NASA Unidentified Aerial Phenomena Independent Study

On June 9, 2022, NASA announced that the agency is commissioning a study team to examine unidentified aerial phenomena (UAPs) – that is, observations of events in the sky that cannot be identified as aircraft or known natural phenomena – from a scientific perspective. The study will focus on identifying available data, how best to collect future data, and how NASA can use that data to move the scientific understanding of UAPs forward. This webpage is designed as a resource to provide updates on the UAP Independent Study.

Public Briefings and Presentations

On June 9, 2022, Dr. Thomas Zurbuchen presented an update on NASA’s Science Program to a joint meeting of the National Academies Space Studies Board and Aeronautics and Space Engineering Board, which included an outline of NASA’s UAP Independent Study.


NASA leads the world in exploration and is committed to rigorous scientific inquiry. Consistent with NASA’s principles of openness, transparency, and scientific integrity, NASA is establishing the UAP Independent Study as a means to secure the counsel of community experts across diverse areas on matters relevant to potential methods of study of unidentified aerial phenomena. The UAP Independent Study serves as a community-based, interdisciplinary forum for soliciting and coordinating community analysis and input and providing advice.

Statement of Task

The UAP Independent Study shall report on the following questions:

  1. What types of scientific data currently collected and archived by NASA or other civilian government entities should be synthesized and analyzed to potentially shed light on the nature and origins of Unidentified Aerial Phenomena (UAP)?
  2. What types of scientific data currently collected and held by non-profits and companies should be synthesized and analyzed to potentially shed light on the nature and origins of UAP?
  3. What other types of scientific data should be collected by NASA to enhance the potential for developing an understanding of the nature and origins of UAP?
  4. Which scientific analysis techniques currently in production could be employed to assess the nature and origins of UAP?  Which types of analysis techniques should be developed?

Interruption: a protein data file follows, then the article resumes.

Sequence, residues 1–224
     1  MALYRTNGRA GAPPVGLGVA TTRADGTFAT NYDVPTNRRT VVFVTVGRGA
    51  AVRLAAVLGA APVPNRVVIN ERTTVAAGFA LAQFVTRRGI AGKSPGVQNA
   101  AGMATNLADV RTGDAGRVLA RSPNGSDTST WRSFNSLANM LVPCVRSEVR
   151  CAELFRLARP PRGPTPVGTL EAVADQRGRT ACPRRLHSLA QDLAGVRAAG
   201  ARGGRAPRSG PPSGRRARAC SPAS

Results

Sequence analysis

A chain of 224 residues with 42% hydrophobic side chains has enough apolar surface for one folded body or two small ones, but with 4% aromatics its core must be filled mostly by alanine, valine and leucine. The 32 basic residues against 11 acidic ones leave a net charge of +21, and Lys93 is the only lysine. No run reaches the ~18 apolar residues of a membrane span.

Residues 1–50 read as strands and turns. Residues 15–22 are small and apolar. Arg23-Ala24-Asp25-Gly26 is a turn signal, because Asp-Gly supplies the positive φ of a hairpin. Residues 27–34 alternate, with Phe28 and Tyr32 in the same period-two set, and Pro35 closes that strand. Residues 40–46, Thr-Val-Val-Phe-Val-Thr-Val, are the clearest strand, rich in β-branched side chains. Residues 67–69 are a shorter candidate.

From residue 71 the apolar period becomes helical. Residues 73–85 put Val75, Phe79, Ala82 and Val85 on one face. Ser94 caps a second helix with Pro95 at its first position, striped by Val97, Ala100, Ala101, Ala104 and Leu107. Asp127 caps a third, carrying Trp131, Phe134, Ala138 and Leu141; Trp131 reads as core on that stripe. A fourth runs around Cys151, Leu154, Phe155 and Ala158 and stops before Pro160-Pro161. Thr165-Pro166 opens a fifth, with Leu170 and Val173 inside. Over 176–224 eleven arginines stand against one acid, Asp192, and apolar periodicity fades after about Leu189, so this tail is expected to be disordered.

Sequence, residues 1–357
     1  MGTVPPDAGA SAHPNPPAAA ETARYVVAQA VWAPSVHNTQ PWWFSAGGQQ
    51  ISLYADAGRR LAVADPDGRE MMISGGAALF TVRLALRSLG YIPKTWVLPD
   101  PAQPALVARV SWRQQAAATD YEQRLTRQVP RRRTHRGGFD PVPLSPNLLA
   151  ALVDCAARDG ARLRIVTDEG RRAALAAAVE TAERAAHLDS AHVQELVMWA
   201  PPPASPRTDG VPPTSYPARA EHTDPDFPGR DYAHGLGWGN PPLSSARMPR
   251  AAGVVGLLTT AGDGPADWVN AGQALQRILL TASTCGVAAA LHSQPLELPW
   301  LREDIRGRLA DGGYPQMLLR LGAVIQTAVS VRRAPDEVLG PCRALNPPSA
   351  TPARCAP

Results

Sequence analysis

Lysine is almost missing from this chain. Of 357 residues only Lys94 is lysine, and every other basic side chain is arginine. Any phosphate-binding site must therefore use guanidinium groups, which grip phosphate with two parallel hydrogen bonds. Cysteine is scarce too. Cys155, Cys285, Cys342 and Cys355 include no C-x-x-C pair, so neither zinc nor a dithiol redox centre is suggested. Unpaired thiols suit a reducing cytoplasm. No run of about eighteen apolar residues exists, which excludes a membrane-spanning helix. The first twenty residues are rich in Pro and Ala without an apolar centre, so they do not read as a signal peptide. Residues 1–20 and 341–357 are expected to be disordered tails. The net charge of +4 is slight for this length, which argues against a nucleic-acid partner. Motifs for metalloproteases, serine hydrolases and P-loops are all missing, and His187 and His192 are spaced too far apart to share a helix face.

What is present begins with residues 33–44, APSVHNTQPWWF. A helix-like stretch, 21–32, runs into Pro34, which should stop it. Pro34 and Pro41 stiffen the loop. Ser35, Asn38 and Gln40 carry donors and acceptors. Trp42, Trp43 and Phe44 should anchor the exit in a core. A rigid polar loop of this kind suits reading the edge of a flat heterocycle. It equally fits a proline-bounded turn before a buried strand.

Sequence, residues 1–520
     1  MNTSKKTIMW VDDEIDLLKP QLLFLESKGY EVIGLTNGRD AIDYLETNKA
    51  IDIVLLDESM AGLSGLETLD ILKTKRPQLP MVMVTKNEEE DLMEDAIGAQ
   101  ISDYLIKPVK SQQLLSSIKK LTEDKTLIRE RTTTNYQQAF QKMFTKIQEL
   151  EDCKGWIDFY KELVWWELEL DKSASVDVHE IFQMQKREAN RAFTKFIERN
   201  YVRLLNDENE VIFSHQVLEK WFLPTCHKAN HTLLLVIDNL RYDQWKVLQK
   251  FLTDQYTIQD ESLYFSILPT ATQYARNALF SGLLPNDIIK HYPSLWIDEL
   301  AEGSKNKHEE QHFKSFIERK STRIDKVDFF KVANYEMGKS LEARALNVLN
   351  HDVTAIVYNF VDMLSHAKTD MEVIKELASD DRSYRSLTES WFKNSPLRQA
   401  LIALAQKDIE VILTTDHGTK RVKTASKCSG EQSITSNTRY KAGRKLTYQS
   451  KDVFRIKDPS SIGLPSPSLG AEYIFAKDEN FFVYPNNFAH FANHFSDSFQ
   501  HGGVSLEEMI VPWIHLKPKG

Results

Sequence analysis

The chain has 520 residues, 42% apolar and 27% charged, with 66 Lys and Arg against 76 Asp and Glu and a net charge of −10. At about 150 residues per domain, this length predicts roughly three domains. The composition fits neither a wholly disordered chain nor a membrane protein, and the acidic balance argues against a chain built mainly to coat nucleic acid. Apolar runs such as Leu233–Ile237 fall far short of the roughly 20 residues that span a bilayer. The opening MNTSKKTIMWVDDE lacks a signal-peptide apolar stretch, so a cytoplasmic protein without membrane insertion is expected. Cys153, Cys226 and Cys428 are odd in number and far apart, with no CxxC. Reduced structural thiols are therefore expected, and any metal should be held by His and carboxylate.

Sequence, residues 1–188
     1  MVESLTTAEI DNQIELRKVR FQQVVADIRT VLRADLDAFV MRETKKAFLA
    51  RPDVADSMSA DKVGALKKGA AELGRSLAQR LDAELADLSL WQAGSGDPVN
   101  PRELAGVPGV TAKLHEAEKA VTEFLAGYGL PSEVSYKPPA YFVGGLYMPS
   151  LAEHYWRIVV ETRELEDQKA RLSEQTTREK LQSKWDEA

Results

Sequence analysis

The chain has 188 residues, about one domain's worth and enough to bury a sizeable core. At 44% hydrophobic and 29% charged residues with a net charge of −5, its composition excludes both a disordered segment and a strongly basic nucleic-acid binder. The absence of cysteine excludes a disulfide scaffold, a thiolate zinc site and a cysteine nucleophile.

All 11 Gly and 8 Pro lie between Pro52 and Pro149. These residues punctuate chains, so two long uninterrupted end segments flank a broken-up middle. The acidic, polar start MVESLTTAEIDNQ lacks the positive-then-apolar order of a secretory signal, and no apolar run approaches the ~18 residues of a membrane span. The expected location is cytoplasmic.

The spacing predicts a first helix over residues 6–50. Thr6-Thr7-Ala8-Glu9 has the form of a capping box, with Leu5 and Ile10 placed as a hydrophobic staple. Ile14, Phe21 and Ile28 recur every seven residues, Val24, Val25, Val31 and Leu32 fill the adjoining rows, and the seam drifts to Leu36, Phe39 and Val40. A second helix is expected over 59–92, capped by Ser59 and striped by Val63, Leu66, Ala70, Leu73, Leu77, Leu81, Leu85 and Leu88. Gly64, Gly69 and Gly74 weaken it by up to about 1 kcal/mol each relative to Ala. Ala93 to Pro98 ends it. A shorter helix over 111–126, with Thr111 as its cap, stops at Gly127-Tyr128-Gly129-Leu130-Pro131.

5. In considering the factors above, what basic physical constraints can be placed on the nature and origins of UAP?
  6. What civilian airspace data related to UAPs have been collected by government agencies and are available for analysis to a) inform efforts to better understand the nature and origins of UAPs, and b) determine the risk of UAPs to the National Air Space (NAS)?
  7. What current reporting protocols and air traffic management (ATM) data acquisition systems can be modified to acquire additional data on past and future UAPs?
  8. What potential enhancements to future ATM development efforts can be recommended to acquire data concerning future reported UAPs to assist in the effort to better understand the nature and origin of the UAPs?

Appointment of Members

NASA’s Science Mission Directorate, in consultation with NASA’s Aeronautics Research Mission Directorate, will appoint the Chair and members of the UAP Independent Study for terms of up to one year. Diversity of thought shall be a factor in determining the composition of the UAP Independent Study.  The UAP Independent Study will have approximately eight to twelve members chosen with an appropriately broad range of expertise; experience; employer types and sizes; and individual demographics. The membership will consist of experts drawn from U.S. academic, independent, and commercial institutions. Members of the UAP Independent Study who are not Regular Government Employees (RGE) will be designated Special Government Employees (SGE) or Representatives. A NASA civil servant will be appointed as the Designated Federal Officer and Executive Secretary of the UAP Independent Study.

Questions about UAP should be directed to Daniel A. Evans ( and please cc